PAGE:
There’s so much music out there that it’s hard for even the most loyal fans to stay up with their favourite artists or what’s new and hot right now. That’s why we’ve created #BumpThis – a daily series that features the one song you need to listen to, every day. Don’t say we never did anything for you.
One of the more common responses to Burna Boy’s infamous response to the Coachella 2019 promotional material was the question of exactly what the singer meant by the term, “African Giant”.
“Another Day”, off his recently-released fourth studio album, does a better job of explaining than he has in interviews. The song, which features Ghanaian rapper, M.anifest expresses the social stagnancy and political wheeling-and-dealing that has defined Africa through the decades.
The song opens with an excerpt of Jide Olanrewaju’s “A History Of Nigeria” in which he describes how the British bought the area now known as Nigeria, for commercial purposes, at the beginning of the 20th century.
Burna Boy reinforces this theme of struggle by interpolating lyrics from two classic Nigerian protest songs; “E Be Like Say” by 2baba and Original Stereoman’s “E Dey Pain Me”. M.anifest’s laid-back verse is a perfect condiment; it offers a more recent, relatable perspective to the song’s theme.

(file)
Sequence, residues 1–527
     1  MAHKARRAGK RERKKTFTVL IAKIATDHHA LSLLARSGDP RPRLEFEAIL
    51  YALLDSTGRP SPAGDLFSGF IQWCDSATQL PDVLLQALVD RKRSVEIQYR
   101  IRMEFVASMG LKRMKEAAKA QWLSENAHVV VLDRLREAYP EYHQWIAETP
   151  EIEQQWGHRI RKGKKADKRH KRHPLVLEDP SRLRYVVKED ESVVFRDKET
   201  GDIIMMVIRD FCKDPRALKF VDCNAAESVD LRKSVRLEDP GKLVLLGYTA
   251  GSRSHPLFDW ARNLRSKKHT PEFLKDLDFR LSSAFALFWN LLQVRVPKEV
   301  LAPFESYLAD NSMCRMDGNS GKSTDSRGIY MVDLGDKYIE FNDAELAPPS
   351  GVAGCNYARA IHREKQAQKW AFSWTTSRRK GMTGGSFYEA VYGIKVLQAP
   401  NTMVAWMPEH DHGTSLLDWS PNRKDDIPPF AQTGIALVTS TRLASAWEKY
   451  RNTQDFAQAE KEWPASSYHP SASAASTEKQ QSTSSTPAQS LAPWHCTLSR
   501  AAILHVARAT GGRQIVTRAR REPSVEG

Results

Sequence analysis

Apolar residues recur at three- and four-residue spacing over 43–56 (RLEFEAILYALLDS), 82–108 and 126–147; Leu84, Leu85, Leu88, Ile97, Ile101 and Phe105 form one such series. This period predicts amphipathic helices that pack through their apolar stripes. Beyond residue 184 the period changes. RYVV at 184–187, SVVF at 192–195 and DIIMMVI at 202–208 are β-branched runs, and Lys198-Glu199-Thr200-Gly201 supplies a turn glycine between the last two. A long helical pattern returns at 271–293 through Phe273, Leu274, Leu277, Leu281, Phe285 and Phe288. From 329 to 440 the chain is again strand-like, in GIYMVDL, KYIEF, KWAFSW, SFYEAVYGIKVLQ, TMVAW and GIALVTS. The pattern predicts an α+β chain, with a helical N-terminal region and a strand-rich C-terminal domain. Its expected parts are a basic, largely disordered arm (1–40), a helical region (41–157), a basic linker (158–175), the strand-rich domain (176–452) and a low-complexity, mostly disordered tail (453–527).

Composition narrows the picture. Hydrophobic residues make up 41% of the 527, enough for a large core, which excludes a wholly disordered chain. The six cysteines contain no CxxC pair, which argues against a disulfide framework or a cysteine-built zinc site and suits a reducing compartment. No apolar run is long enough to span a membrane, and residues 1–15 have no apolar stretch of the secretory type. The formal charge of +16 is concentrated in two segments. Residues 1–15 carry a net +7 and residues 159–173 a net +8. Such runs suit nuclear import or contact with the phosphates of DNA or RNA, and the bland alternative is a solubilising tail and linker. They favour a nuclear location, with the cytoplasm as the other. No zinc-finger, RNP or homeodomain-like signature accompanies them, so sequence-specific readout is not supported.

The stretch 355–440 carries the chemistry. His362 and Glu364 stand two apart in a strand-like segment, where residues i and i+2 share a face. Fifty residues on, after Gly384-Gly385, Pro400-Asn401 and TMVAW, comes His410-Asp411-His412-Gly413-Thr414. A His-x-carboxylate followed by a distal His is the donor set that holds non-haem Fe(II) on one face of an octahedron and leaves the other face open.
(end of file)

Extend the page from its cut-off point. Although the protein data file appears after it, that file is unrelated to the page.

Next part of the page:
The effect is two-fold; the sampled classics are a reminder that the problems they speak off are old. But this also points to a bigger issue; that songs about Africa’s social & political issues are rare – the exception, not the norm as you would expect given the influence that African pop stars wield among their listeners.
The beat, a reggae-inspired groove by Kel-P, now Burna’s go-to collaborator, is more celebratory than you’d expect. It makes ‘Another Day’ sound like a campaign for change rather than yet another sob story.